Eight-year-old boy discovers that wild pigs appear to grieve their dead


#1

Originally published at: https://boingboing.net/2018/01/08/eight-year-old-boy-discovers-t.html


#2

Pigs are extremely intelligent (and peccaries are not that distantly related to them), so this surprises me less than the fact that it had never been observed before.


#3

Nice one :grinning:


#4

https://www.desertmuseum.org/kids/oz/long-fact-sheets/Javelina.php


#5

If they’re so smart, why are they called peccaries? It never occurred to them how that sounds?


#6

I don’t understand why people are always so surprised when reasonably intelligent animals display behavior that looks like emotion… Good grief! We know that animals feel fear, why wouldn’t they feel many other emotions? Sure, there are differences between people and peccaries, or dolphins, or dogs, or elephants – but it seems that anyone who has spent any time observing animals must realize that they are far from the automatons of “Enlightenment” thought. Geeze Louise!


#7

This makes me feel bad about liking ham now. :C


#8

Maybe it was the Ghandi of peccaries and a state funeral was required?


#9

Just like Margaret Atwood said (Oryx and Crake).


#10

I’m so tempted to ‘share’ this with my former boss.


#11

Or a revolution


#12

There would have been turkeys.


#13

Interesting. Worthy of further study. Animal behavioral science has tended to bend over backwards to deny animal intelligence and emotion in the name of avoiding anthropomorphizing, resulting in censorship and denial of evidence to the contrary.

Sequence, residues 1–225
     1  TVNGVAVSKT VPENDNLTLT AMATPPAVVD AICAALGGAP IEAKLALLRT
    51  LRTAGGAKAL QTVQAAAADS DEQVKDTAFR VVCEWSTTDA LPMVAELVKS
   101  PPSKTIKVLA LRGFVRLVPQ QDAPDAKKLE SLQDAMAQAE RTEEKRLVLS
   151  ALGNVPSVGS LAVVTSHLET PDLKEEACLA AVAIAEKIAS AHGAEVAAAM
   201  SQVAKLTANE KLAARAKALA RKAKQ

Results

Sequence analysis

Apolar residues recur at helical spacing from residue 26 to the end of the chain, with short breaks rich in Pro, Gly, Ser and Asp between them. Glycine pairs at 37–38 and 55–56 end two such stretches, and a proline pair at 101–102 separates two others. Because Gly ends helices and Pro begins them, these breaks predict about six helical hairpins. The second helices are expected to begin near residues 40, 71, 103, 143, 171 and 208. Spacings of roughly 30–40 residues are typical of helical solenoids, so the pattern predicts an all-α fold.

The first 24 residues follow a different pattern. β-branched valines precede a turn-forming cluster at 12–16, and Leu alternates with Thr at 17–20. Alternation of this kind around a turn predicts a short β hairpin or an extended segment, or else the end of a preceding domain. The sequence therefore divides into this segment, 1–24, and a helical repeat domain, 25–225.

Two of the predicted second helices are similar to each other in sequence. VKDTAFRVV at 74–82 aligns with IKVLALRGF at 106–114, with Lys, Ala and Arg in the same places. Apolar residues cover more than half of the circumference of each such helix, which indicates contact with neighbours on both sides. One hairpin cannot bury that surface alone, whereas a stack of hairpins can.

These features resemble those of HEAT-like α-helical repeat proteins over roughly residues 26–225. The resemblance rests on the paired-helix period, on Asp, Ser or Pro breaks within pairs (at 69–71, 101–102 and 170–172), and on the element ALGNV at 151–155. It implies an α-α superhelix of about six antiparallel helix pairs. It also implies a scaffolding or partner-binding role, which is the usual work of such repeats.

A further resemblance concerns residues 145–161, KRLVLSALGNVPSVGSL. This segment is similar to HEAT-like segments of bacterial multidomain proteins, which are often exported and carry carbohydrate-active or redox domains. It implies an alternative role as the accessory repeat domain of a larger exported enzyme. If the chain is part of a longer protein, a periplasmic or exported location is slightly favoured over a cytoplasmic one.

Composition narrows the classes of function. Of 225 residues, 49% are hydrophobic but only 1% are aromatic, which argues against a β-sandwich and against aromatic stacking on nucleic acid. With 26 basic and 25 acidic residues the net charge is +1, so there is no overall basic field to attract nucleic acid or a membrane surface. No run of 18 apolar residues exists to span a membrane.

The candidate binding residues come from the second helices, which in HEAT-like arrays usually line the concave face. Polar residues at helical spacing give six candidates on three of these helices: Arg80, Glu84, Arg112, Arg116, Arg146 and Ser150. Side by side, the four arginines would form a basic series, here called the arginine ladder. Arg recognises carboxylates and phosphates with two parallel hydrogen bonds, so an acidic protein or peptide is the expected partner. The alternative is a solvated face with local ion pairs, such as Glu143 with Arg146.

But-I don’t know that I see anything that is obviously grieving behavior in those clips. It may be. It may also be a variety of other things that cause the pigs to do this. Chasing away coyotes when they are stalking the herd is good business at any time. They didn’t seem to take any bites from what’s seen here, so it’s just as premature to draw a conclusion that they were interested in the carcass as food, but cannabilizing dead pigs is not unknown in the wild.

I would like to think pigs have the bonding and emotional intelligence to grieve their dead, but I need more than this to buy in.


#14

“Always remember, a cat looks down on man, a dog looks up to man, but a pig will look man right in the eye and see his equal.”
-Churchill


#15

Well, every day, and every time it is your choice. Every new serving of pork from the shop you have the chance to say to yourself, ‘But wait, the pigs used here suffered basically every day, until they were killed for me to consume them. Maybe that ain’t what I want.’
Up to everyone, every day.


#16

Alternative and equally reasonable explanation: Pigs are too dumb to realize that their friend is dead and not just sleeping.


#17

Pigs are actually quite intelligent, and have senses of smell that can put almost any other species to shame. I absolutely guarantee you (from personal experience) that it’s really easy to tell that there’s a dead javelina nearby, far before you see it. And that’s with a human nose…

Those peccaries knew that their herd-mate was rotting. I’ll leave it to the behaviorists to interpret the behavior.


#18

To eliminate the constant stream of jokes, the biologists have renamed the genera as “coxhogs.”


#19

“Vagaries”?


#20

Right? That’s a big reason I can’t stand eating meat anymore. I can’t suppress my awareness of all that led to that piece of flesh appearing before me.